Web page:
Exploring nature’s laboratory
It’s not every day you get to visit one of Canada’s primary sources of lake science. And it’s certainly not every day you get to stand on the shores of a humble little lake known simply as Lake 227 that has informed scientists’ understanding of eutrophication for almost half a century.
Located in northwest Ontario about an hour and a half east of Kenora, the IISD Experimental Lakes Area (IISD-ELA) is a natural laboratory comprised of 58 small lakes and their watersheds. The area was set aside for scientific research in 1968 and it’s an ideal setting in which to conduct whole-ecosystem science: the lakes are pristine and the surrounding region has very low human influence.
It’s also an idyllic place. Getting to the facility involves a drive down a winding, loosely maintained gravel road that’s lined on both sides with thick forest of birch and pine trees and the occasional outcrop of lichen-covered Canadian Shield rock. Black bear country. Fall had begun to descend on the Wednesday that LWF staff paid a visit; surrounded by the rich golds, burnt oranges and deep reds of the turning foliage, we collectively agreed that this might be the most beautiful workplace in the world.
Make no mistake, however – fresh air and tranquility aside, lots of work does takes place here. More than 50 whole-lake experiments have been conducted since IISD-ELA was created, and the research done here over the years has contributed to more than 1,000 peer-reviewed scientific publications.
At any given time, about 15 lakes are in use, either for active experiments or for observation, whereby scientists monitor everything from temperature to fish populations to oxygen levels to evaporation rates; these samples serve as controls, just like in any other lab situation. Five IISD-ELA lakes have been in long-term use – including Lake 227, in which an experiment on eutrophication has been running since 1969.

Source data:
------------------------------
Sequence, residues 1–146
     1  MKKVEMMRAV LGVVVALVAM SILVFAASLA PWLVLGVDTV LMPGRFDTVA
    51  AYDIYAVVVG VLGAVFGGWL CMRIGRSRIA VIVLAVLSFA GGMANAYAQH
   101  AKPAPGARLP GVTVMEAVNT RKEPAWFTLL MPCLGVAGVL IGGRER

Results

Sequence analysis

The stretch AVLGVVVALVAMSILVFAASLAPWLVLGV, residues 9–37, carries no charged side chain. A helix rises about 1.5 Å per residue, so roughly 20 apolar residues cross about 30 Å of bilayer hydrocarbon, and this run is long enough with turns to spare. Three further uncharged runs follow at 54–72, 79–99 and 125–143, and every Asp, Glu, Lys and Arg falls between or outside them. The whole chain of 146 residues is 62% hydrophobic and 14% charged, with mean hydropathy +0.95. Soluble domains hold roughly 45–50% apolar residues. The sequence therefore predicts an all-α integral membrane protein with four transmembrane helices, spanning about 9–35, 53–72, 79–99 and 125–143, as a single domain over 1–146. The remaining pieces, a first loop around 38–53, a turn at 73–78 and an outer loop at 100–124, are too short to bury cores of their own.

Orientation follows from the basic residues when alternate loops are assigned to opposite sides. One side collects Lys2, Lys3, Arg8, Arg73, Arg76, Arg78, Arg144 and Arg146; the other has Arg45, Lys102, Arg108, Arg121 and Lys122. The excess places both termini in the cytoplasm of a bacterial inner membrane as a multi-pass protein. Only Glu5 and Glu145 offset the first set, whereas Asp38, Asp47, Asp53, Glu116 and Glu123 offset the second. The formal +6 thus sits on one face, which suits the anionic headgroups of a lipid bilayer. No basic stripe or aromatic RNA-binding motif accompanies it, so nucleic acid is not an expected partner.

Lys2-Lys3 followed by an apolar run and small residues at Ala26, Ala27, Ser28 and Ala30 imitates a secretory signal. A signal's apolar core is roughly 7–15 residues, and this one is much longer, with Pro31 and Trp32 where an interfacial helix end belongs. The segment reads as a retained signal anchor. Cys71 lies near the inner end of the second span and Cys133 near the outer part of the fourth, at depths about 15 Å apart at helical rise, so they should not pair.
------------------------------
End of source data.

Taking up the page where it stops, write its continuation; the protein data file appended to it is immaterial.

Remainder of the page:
Lake 227 is a big deal in the freshwater world. Sure, Lake 226 might be more famous, it being the lake featured in the iconic 1973 photograph in which a non-permeable membrane separates normal-looking water from the algae-choked green slurry caused by excess phosphorus. But Lake 226 has long since been remediated back to its natural state. On Lake 227, the action – and the learning – continues.
To get to our destination, we first drive back down the gravel road to Roddy Lake, used primarily by IISD-ELA’s research scientists as an aquatic highway to get to other lakes. A 15-minute boat ride gets us to Lake 305 – monitored by researchers because Lake 227 drains into it – where we board two smaller boats for another trip. That’s followed by a short hike through the forest.
Lake 227 is just five hectares in area and only 10 metres deep. It’s small by lake standards, especially when your frame of reference is Lake Winnipeg, the 10th largest freshwater lake in the world. Every Monday, researchers make the trek to its shores, don safety equipment and dump a small amount of pure phosphoric acid into its waters. (Fun fact No. 1: Only about $300 worth is used each year. Fun fact No. 2: It’s kosher.)